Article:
there. Wasn’t another shifferrobe nowhere around. She was a Jackson.
curtains and fading up the other way out of hearing. He was from
She had paid thirty dollars for it and hadn’t bought herself nothing
Eastrod. From Eastrod but he hated it. Cash wouldn’t have put any
else big again. And they had left it. He reckoned they hadn’t had room
claim on him. He wouldn’t have wanted him. He wouldn’t have
on the truck for it. He opened all the drawers. There were two lengths
wanted anything that wore a monkey white coat and toted a whisk
of wrapping cord in the top one and nothing in the others. He was
broom in his pocket. Cash’s clothes had looked like they’d set a while
surprised nobody had come and stolen a shifferrobe like that. He took
under a rock; and they smelled like nigger. He thought how Cash
the wrapping cord and tied the legs through the floorboards and left a
smelled, but he smelled the train. No more gulch niggers in Eastrod.
piece of paper in each of the drawers: THIS SHIFFERROBE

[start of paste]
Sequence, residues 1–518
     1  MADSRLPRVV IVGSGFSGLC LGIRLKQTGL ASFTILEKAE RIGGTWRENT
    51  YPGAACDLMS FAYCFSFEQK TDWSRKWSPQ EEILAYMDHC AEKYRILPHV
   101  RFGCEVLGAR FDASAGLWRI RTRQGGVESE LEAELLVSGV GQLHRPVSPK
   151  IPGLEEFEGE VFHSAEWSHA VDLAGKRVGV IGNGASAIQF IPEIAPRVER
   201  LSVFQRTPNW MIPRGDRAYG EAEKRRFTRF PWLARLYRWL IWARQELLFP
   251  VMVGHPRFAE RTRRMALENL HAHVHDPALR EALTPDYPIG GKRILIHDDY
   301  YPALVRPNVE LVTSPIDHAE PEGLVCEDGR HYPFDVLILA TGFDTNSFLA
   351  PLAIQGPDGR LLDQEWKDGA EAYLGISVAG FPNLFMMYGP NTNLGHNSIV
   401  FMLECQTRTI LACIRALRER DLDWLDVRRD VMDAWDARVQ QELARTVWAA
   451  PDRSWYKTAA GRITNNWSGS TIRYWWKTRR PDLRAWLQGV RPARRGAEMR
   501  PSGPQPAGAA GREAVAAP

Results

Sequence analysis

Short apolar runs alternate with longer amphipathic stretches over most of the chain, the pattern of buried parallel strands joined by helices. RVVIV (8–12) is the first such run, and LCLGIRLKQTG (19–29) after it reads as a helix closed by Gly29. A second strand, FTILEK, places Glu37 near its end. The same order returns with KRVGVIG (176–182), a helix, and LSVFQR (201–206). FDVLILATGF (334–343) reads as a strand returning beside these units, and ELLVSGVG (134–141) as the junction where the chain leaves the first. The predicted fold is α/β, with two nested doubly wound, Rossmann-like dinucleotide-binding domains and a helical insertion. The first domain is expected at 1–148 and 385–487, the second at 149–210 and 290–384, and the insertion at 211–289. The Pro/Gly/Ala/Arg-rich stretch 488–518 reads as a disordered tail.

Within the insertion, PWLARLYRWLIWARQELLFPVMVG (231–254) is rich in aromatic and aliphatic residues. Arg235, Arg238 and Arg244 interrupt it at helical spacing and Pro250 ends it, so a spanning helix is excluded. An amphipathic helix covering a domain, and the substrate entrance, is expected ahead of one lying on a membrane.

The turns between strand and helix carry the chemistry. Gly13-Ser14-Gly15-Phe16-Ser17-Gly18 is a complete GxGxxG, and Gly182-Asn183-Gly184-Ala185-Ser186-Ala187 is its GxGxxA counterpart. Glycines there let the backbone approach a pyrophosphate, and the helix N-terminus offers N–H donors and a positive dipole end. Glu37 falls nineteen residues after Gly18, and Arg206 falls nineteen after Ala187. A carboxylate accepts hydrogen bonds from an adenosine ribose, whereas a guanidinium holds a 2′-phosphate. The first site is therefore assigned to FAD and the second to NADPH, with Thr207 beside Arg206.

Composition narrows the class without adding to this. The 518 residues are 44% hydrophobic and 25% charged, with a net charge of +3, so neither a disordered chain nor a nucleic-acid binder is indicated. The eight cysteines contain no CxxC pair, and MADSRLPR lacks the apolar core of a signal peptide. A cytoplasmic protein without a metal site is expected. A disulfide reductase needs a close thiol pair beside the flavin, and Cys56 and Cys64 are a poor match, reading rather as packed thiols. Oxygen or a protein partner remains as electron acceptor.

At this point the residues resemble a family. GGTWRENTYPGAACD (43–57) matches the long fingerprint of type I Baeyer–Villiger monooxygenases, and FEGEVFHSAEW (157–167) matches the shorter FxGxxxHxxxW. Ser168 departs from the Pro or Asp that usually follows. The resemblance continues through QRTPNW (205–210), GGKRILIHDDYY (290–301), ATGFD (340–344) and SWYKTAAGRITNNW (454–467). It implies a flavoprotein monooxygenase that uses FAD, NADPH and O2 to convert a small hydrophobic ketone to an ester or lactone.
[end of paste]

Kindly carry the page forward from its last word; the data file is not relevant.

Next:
In Eastrod. Turning in the road, he saw in the dark, half dark, the store
boarded and the barn open with the dark free in it, and the smaller
house half carted away, the porch gone and no floor in the hall. He

She could rest easier knowing it was guarded some. If she come watching him and not moving. The tracks curved and he fell back sick
looking any time at night, she would see. He wondered if she walked into the rushing stillness of the train
at night and came there ever—came with that look on her face,
unrested and looking, going up the path and through the barn open all
around and stopping in the shadow by the store boarded up, coming
on unrested with that look on her face like he had seen through the
crack going down. He seen her face through the crack when they were
shutting the top on her, seen the shadow that came down over her face
and pulled her mouth down like she wasn’t satisfied with resting, like
she was going to spring up and shove the lid back and fly out like a
spirit going to be satisfied: but they shut it on down. She might have
been going to fly out of there, she might have been going to spring—
he saw her terrible like a huge bat darting from the closing—fly out
of there but it was falling dark on top of her, closing down all the time,
closing down; from inside he saw it closing, coming closer, closer
down and cutting off the light and the room and the trees seen through
the window through the crack faster and darker closing down. He
opened his eyes and saw it closing down and he sprang up between
the crack and wedged his body through it and hung there moving,
dizzy, with the dim light of the train slowly showing the rug below,
moving, dizzy. He hung there wet and cold and saw the porter at the
other end of the car, a white shape in the darkness, standing there,